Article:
“Jim Smith said `I am the Journal. You are dealing with me and the payroll will be met.’ From the context of all the remarks made at the meeting, it was understood by all present that Mr. Smith was guaranteeing payment of past and future payroll. Thane Reed (sic) then said that his commitment was only as to the payroll up to that time, but would not extend to the future.”
The trial court granted the defendants’ motion for summary judgment pursuant to Rule 56 of the Arizona Rules of Civil Procedure, 16 A.R.S. The judgment was granted against the plaintiffs and in favor of the defendants Thane Read, James Smith, and Central Arizona Newspapers, Inc. We are not concerned in this appeal with the claim against Arizona Newspapers, Inc.
WAS THE STATUTE OF FRAUDS PROPERLY RAISED?
Although not specifically raised by the parties, this Court in reviewing the record noted an absence of a plea of the statute of frauds.
Rule 8(d) of the Rules of Civil Procedure reads as follows:
“8(d). Affirmative defenses. In pleading to a preceding pleading, a party shall set forth affirmatively accord and satisfaction, * * * statute of frauds * * * and any other matter constituting an avoidance or affirmative defense. * * *.”
Our statute of frauds reads in part, § 44-101:
“No action shall be brought in any court in the following cases unless the promise or agreement upon which the action is brought, or some memorandum thereof, is in writing and signed by the party to be charged, or by some person by him thereunto lawfully authorized:
* * * * * *
“2. To charge a person upon a promise to answer for the debt, default or miscarriage of another.”
A party must plead and prove the statute of frauds for it to be available. Our Supreme Court has stated regarding affirmative defense:
“The motion to dismiss was based upon a plea of res judicata. 16 A.R.S. Rule 8(d) expressly includes the defense of res judicata as an affirmative defense. An affirmative defense must be plead and proved by the defendant. New York Life Insurance Co. v. Rogers, 9 Cir., 126 F.2d 784. The record shows appellees plead the alleged prior judgment (though not with specificity), but they must prove it was res judicata. Williams v. Hall, 30 Ariz. 581, 249 P. 755.” Lakin Cattle Company v. Engelthaler, 101 Ariz. 282, 284, 419 P.2d 66, 68 (1966).
Admittedly the parties did argue the statute of frauds to the trial court in the motion for summary judgment, and the statements in the affidavits of Smith and Read quoted above might conceivably indicate a plea of the statute of frauds as far as the motion for summary judgment is concerned. But see Dawson v. McNaney, 71 Ariz. 79, 223 P.2d 907 (1950), where our Supreme Court stated that a mere reference to the statute of limitations is so indefinite and uncertain as to not properly raise the question.
However, assuming that these statements in the affidavits are sufficient to comply with Rule 8(d) and that this may be considered an affirmative plea of the statute of frauds, which we seriously doubt, we do not believe that the statute of frauds is available to the defendants on a motion for summary judgment where the answer has already been filed which answer fails to plead the statute of frauds. We agree with the text writers when they state:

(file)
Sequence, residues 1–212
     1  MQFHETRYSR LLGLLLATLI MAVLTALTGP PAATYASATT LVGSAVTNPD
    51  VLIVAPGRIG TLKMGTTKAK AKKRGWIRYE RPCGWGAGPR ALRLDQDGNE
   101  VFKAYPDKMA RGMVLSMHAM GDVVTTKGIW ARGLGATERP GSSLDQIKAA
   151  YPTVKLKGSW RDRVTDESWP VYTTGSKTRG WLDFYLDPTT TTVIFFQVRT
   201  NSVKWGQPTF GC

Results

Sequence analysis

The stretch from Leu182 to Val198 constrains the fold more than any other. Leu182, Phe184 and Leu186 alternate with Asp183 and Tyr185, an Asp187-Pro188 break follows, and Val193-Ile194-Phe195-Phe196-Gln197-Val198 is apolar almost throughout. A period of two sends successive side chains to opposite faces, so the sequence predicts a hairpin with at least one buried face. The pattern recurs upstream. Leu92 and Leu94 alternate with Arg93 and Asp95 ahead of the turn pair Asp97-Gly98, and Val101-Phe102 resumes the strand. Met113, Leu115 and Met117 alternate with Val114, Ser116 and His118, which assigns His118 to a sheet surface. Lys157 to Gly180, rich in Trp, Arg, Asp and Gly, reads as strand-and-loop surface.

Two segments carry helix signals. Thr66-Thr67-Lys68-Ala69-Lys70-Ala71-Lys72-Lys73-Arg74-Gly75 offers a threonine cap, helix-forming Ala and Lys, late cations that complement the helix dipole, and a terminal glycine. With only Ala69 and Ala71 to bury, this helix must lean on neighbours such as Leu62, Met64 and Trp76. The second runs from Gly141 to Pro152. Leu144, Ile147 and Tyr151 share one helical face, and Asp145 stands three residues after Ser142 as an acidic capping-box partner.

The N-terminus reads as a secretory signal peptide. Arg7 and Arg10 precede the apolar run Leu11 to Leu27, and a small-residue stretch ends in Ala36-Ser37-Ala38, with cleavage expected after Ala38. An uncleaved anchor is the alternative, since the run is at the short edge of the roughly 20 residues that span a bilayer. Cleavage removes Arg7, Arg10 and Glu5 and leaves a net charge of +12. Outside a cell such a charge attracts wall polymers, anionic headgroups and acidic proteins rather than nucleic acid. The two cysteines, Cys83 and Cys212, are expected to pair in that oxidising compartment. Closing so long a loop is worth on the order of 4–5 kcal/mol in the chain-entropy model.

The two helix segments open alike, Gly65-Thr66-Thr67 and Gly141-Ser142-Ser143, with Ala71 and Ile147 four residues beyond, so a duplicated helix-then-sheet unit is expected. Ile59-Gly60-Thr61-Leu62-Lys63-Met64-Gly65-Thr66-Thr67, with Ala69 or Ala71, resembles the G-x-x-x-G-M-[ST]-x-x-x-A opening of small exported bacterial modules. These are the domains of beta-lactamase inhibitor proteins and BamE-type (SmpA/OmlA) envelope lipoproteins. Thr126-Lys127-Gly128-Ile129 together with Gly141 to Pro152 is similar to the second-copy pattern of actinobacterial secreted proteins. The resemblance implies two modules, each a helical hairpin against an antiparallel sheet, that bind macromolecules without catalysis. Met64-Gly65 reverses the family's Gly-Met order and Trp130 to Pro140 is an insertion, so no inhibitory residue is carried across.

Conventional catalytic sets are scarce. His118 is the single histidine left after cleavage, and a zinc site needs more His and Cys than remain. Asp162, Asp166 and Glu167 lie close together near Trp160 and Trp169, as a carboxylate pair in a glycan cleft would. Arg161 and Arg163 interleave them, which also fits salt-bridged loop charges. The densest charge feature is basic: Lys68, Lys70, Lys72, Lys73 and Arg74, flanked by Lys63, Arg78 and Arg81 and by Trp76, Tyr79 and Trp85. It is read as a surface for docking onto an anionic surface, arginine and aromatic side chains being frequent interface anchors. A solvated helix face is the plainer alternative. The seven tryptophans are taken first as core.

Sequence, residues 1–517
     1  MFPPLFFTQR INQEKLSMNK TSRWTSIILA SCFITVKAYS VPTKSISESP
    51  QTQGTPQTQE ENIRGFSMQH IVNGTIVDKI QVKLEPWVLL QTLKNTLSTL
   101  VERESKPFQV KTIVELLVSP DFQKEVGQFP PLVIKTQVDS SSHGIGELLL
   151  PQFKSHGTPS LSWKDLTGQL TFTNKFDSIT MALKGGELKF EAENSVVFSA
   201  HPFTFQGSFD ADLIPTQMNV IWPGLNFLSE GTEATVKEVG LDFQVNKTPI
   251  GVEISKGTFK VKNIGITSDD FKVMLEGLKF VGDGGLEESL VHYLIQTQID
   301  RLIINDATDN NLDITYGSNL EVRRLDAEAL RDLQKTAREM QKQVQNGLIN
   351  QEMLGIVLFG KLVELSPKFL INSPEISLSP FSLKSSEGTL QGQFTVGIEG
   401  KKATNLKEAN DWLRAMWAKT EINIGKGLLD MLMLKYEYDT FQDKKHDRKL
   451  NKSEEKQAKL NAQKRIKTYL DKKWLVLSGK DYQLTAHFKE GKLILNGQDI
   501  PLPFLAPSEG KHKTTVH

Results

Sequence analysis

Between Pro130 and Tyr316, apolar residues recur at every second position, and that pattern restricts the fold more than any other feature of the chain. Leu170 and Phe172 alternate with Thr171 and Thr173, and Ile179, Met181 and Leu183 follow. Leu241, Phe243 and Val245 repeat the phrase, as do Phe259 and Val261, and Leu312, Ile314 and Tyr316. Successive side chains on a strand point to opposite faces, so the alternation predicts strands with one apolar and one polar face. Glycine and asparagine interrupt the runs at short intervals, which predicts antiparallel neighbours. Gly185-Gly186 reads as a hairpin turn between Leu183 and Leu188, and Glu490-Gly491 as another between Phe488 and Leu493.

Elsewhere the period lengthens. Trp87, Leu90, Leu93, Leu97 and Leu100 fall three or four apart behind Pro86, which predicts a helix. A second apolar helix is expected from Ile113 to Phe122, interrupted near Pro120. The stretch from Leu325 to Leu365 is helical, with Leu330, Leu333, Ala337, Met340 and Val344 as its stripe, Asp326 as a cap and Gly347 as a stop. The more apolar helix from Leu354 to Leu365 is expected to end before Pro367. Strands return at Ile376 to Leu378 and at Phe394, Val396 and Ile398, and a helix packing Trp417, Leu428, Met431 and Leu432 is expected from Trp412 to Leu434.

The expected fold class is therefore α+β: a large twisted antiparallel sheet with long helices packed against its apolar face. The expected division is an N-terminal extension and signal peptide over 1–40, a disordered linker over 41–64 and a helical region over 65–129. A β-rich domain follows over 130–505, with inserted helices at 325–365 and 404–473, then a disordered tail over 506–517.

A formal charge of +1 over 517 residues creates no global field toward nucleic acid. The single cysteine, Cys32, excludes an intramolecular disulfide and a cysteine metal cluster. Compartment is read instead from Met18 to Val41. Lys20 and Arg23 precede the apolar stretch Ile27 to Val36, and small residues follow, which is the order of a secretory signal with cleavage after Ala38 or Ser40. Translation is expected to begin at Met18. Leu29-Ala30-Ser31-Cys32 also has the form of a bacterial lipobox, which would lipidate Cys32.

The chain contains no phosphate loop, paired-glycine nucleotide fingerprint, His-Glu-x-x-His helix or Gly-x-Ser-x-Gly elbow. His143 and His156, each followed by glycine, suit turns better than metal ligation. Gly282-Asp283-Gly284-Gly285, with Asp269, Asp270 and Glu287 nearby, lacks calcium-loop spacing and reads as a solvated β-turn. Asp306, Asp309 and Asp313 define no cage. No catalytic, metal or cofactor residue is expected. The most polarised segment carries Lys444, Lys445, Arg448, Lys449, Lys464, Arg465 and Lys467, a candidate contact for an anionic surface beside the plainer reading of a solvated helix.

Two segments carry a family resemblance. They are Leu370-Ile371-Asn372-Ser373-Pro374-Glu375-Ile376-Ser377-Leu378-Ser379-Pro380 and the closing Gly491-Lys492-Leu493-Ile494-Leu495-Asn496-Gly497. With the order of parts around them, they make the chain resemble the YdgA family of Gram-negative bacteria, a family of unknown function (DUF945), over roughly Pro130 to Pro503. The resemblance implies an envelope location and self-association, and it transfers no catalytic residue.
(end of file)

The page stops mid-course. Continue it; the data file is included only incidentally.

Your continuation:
“A defendant who believes that there is no genuine issue as to any material fact and that he is entitled to a judgment as a matter of law, may move for a summary judgment after serving his answer. However, even before interposing any defense he may move to dismiss the complaint for failure to state a claim upon which relief can be granted. This motion may under certain circumstances be treated as a motion for summary judgment. Since he may move for summary judgment at any time, the defendant may make such a motion before serving his answer, setting out his defense by means of supporting affidavits or other papers. Thus it has been held that the defenses of release or statute of frauds may be considered on a motion for summary judgment by defendant before answer. However, one case has held that the defense of estoppel should not be considered on defendant’s motion for summary judgment if the facts concerning it did not appear in the complaint and estoppel had not yet been pleaded as a defense. If the defendant has served his answer he is subject to the provisions of Rule 12(h) concerning waiver of defenses and he cannot subsequently move for summary judgment on a defense not pleaded in his answer, except as provided by that rule.” Barron Holtzoff, Vol. 3, pages 204 and 205.
See also Mallamo v. Hartman, 70 Ariz. 420, 222 P.2d 797 (1950).
WAS THERE A GENUINE ISSUE OF FACT?
In reviewing the granting of a summary judgment, the record will be viewed in a light most favorable to the party against whom the judgment was granted. Lowery v. Universal Match Corporation, 6 Ariz. App. 98, 430 P.2d 444 (1967).
We believe there is a sufficient and genuine issue as to the material facts (Rule 56(c), as amended, Rules of Civil Procedure) in the case in question and that summary judgment was therefore improperly granted. The affidavits clearly indicate that the question of the defendants’ promises to the plaintiffs were at issue and vital to the determination of the lawsuit. These must be resolved before a judgment can be entered.
It was urged by the appellants that the facts indicated that this was an exception to the statute of frauds while the appellees urged that the statute did apply and therefore the trial court was correct in granting the motion for summary judgment. Nothing we say herein should be construed as an opinion as to whether the facts were sufficient to take this matter outside the operation of the statute of frauds had it been properly raised in the trial court.
Reversed and remanded for proceedings not inconsistent with this opinion.
DONOFRIO, P.J., and STEVENS, J., concur.